Deniz polisinden Adalar çevresinde 'deniz taksi' denetimi

"One in eight women is diagnosed with breast cancer in their lifetime."

Dr. Hüseyin Akyol, a faculty member at Altınbaş University's Medical Faculty, noted that the risk of developing breast cancer is dependent on factors such as advancing age, obesity, alcohol consumption, a family history of breast cancer, exposure to radiation, reproductive history, and tobacco use. According to Dr. Akyol, the burden of breast cancer can be reduced through early diagnosis and treatment without any symptoms.

"Breast cancer may not present symptoms until advanced stages."

Dr. Akyol emphasized that early-stage diagnosis not only increases the success of treatment but also significantly improves the quality of life for the patient. He reminded that in Turkey, according to National Cancer Screening Standards, mammography checks are performed every 2 years for women aged 40-69 without complaints.

"Unhealthy diet and lack of physical activity increase the risk."

Akyol also discussed factors that increase the risk of being diagnosed with breast cancer, stating that physically inactive women are at higher risk. He stressed the importance of unhealthy nutrition, saying, "A diet high in saturated fat and devoid of fruits and vegetables can increase the risk of breast cancer." He conveyed that women with excess weight or obesity issues are also at higher risk compared to those with normal weight.

Dr. Akyol pointed out that some hormone replacement therapy types taken during the menopause period (especially those containing both estrogen and progesterone) can increase the risk of breast cancer if taken for more than five years. He continued: "It is a known fact that some oral contraceptives, i.e., birth control pills, can increase the risk of breast cancer."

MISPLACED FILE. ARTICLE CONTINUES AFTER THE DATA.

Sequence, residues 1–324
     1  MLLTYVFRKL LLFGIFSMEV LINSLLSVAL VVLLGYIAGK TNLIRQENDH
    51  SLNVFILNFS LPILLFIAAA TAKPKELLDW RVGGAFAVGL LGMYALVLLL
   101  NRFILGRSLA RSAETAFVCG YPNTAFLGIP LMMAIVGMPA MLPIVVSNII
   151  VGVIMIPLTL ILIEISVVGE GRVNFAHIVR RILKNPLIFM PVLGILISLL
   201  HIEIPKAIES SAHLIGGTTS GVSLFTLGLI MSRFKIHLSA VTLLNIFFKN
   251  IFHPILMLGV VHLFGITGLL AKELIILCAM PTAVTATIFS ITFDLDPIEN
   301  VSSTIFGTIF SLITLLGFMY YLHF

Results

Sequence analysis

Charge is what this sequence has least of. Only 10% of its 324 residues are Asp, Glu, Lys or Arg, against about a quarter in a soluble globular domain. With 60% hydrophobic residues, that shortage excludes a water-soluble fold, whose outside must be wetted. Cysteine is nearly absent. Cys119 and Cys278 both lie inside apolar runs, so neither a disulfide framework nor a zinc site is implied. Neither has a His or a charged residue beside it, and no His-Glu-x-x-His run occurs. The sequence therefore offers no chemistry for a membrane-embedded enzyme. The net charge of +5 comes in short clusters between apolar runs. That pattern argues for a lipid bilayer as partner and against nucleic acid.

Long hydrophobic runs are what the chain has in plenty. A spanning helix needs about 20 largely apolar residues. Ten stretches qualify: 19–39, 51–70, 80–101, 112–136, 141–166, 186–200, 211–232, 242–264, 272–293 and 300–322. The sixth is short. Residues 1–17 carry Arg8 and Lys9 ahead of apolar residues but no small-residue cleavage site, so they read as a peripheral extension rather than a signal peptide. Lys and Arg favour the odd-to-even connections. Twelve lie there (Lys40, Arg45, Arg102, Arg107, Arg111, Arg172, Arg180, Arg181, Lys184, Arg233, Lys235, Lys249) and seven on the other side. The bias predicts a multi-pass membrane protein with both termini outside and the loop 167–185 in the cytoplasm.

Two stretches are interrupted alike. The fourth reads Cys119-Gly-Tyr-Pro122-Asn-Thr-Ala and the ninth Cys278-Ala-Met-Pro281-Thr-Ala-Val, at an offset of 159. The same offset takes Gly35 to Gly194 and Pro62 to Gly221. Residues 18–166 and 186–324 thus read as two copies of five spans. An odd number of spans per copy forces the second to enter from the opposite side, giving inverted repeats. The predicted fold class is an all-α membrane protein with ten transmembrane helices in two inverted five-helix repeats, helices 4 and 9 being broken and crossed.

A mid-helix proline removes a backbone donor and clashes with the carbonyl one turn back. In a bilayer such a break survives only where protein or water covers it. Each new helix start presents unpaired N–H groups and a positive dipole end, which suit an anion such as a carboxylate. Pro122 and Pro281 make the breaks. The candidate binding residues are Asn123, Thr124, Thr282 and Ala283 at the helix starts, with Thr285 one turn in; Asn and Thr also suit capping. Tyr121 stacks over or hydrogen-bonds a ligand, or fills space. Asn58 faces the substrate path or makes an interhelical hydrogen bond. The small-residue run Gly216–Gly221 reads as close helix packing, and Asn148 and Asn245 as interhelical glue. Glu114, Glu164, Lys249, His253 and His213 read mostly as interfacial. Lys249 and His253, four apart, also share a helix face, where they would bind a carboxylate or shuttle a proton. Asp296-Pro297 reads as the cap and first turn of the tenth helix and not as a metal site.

Dr. Akyol shared 8 steps for breast cancer prevention:

"Give birth before the age of 30 and breastfeed your children."

Akyol explained that the childbirth and pregnancy processes are directly related to breast cancer and said, "If a woman's first childbirth occurs after the age of 35 or if she has not experienced a long-term pregnancy, the risk of breast cancer is higher. Pregnancy can help mature breast cells, thus providing protection against breast cancer."

Finally, Akyol emphasized that factors like alcohol consumption over the course of life affect the risk of breast cancer and concluded with the simple yet effective recommendations: "Maintain a healthy weight. Exercise regularly. Avoid consuming alcoholic beverages. Eat healthily. Give birth before the age of 30. Breastfeed your children. Discuss other risk-reduction methods with your doctor if there is a family history of breast cancer or if you have inherited changes in the BRCA1 and BRCA2 genes. A healthy lifestyle can help reduce your risk of cancer and increase your chances of survival if you develop it."


British News Agency


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